FORT MILL -- The Fort Mill school board Thursday will consider a study committee recommendation for a roughly $98 million spring bond proposal to include two elementary schools, a middle school, a Nation Ford High stadium and ancillary gyms at both high schools.
It will be the board's responsibility to determine the proposal's exact amount and the date of a referendum, but the items included in the recommendation would total about $98 million:
• $25 million to $27 million for each elementary school;
• About $30.6 million for a middle school;
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• About $8.7 million for a stadium; and
• $2 million each for ancillary gyms.
The committee, comprised of about a dozen parents, teachers and administrators meeting in six two-hour sessions since May, based its conclusions largely on a 10-year facilities study prepared for the district by Southern Management Group. The study indicates the district will require eight new schools in the coming decade.
Actual school cost can vary based on architectural design, preparations required at new school sites, fluctuations in the economy and other factors.
The S.C. Department of Education considers Fort Mill the fastest-growing district in the state based on growth percentage. Two elementary schools, Orchard Park and Gold Hill, already have an enrollment freeze.
Not included in the recommended bond package are two elementary schools the district plans to open in 2009. They were financed through a $70.3 million installment purchase plan, a kind of mortgage that does not require voter approval.
The elementary schools recommended in the bond proposal would be slated to open in 2011, and the middle school in 2010.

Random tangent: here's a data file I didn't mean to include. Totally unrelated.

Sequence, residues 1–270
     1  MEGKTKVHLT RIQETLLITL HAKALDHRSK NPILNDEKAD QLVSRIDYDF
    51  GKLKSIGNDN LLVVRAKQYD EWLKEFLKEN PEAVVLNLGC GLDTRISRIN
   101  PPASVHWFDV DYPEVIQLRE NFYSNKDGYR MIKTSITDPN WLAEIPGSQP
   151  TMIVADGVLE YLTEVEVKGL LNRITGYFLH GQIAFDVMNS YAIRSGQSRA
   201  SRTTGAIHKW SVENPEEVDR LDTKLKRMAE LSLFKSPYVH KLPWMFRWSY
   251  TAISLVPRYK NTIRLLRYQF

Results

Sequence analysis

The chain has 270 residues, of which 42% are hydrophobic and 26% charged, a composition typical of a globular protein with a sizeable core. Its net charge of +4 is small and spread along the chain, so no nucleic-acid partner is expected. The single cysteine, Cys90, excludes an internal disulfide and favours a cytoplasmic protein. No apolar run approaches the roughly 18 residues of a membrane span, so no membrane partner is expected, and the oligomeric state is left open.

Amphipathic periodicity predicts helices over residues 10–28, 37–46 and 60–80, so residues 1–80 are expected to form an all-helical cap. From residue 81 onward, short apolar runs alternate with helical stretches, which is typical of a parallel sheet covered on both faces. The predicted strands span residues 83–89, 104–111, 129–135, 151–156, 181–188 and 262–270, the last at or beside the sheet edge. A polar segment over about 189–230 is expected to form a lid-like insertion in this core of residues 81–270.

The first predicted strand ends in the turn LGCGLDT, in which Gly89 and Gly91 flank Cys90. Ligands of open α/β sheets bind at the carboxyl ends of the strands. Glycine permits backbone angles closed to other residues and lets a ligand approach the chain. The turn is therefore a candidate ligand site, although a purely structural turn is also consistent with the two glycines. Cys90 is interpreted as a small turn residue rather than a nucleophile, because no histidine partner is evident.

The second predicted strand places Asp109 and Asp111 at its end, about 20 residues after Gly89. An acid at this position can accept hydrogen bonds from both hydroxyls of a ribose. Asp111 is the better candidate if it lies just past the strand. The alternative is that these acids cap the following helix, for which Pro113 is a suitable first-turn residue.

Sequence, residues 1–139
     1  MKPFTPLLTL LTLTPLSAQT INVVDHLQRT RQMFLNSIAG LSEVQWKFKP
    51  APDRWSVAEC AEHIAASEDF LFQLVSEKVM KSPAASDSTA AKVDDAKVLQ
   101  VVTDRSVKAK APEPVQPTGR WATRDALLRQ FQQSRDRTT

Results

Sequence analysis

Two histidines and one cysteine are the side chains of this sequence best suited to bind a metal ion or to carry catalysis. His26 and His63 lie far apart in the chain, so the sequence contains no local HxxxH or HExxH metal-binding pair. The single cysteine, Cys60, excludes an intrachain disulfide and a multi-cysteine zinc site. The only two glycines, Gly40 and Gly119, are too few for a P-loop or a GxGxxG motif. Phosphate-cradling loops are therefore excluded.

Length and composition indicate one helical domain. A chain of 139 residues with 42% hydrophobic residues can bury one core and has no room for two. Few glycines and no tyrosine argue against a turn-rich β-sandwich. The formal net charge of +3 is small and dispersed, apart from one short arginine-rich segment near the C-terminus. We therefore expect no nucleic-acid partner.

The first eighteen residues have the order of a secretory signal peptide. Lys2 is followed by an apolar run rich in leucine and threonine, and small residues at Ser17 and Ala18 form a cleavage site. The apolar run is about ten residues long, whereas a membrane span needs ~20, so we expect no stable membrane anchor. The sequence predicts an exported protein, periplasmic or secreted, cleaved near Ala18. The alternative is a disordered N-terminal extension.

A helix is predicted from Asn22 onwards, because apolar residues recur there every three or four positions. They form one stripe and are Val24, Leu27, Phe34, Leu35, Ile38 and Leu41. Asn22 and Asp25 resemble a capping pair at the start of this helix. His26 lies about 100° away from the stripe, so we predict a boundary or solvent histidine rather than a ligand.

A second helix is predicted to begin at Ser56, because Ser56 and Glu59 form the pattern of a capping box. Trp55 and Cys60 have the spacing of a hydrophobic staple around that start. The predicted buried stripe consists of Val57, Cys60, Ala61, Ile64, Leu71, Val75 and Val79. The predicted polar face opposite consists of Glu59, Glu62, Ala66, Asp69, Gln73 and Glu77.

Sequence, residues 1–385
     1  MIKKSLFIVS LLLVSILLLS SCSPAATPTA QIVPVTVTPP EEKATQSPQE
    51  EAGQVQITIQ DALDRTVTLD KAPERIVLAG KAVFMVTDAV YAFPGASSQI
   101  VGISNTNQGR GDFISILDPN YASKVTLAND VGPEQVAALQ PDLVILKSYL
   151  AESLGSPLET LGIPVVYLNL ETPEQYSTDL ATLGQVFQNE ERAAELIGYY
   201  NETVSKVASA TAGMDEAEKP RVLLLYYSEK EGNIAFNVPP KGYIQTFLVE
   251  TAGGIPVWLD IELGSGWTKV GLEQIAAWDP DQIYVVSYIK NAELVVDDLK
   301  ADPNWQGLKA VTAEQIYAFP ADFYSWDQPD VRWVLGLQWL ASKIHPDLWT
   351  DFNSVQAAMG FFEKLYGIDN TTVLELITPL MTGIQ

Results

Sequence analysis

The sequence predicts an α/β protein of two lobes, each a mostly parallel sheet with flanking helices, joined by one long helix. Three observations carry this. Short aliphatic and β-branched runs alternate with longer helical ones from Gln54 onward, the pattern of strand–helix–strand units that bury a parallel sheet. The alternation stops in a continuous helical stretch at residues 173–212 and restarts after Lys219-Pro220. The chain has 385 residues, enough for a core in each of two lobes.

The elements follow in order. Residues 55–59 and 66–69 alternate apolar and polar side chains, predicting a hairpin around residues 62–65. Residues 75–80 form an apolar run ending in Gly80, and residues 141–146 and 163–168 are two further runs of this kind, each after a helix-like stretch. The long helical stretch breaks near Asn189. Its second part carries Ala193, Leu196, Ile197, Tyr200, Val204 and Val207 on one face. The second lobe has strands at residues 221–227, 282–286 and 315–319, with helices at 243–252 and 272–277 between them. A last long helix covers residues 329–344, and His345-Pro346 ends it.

The district already has acquired two sites this year -- one beside the new Nation Ford High School large enough to accommodate a middle school, and another off Dobys Bridge Road.
"Hopefully by the end of the summer, we will have four or five pieces of property, including Dobys Bridge and the Nation Ford site," Fort Mill schools Superintendent Keith Callicutt said after Tuesday's meeting.
Not included in the recommendation is a third high school, which projections indicate the district will need sometime between 2011 and 2013.
"We'll have a better idea in a couple of years if the projections have come to fruition and a new high school will be necessary then," Callicutt said.
The recommendation also did not include retirement of the $70.3 million mortgage because a Bank of America representative advised interest rates would not be favorable to the district. Committee member Gwen Savage, a parent and Town Council member, also said she could not approve a bond package for more than $100 million.
Committee members were unanimous in their choice of what the package should include. Enrollment projections demand another middle school and two elementary schools beyond those expected to open in 2009, members said. Building both elementary schools simultaneously would spare expense and additional redistricting frustrations for children and parents, members said.
At one point, the committee considered recommending the athletic facilities be pulled out into a separate item on the ballot, then concluded voters might think those facilities are not as important as the three school buildings.
"Our biggest need is for a safe environment for classes as well as games," Fort Mill High Principal Dee Christopher said. "We sometimes have three classes going on the gym floor at one time. Last year, we had several blocks with five physical education classes at the same time."
Use of only one gym also meant teams had to take turns and students sometimes did not get home from practice sessions until very late at night, he said.
The committee opted to recommend a spring referendum rather than one this fall, largely to provide time to inform the community about the need.
Callicutt said he hopes the board will be able to decide on an exact date and amount for the proposal by sometime in August "at the latest."
"We need to be working, planning and preparing," he said. "I so appreciate this committee's willingness to dedicate the time, energy and sincere thought to this, and for their high level of concern for the students and the future of the Fort Mill school district."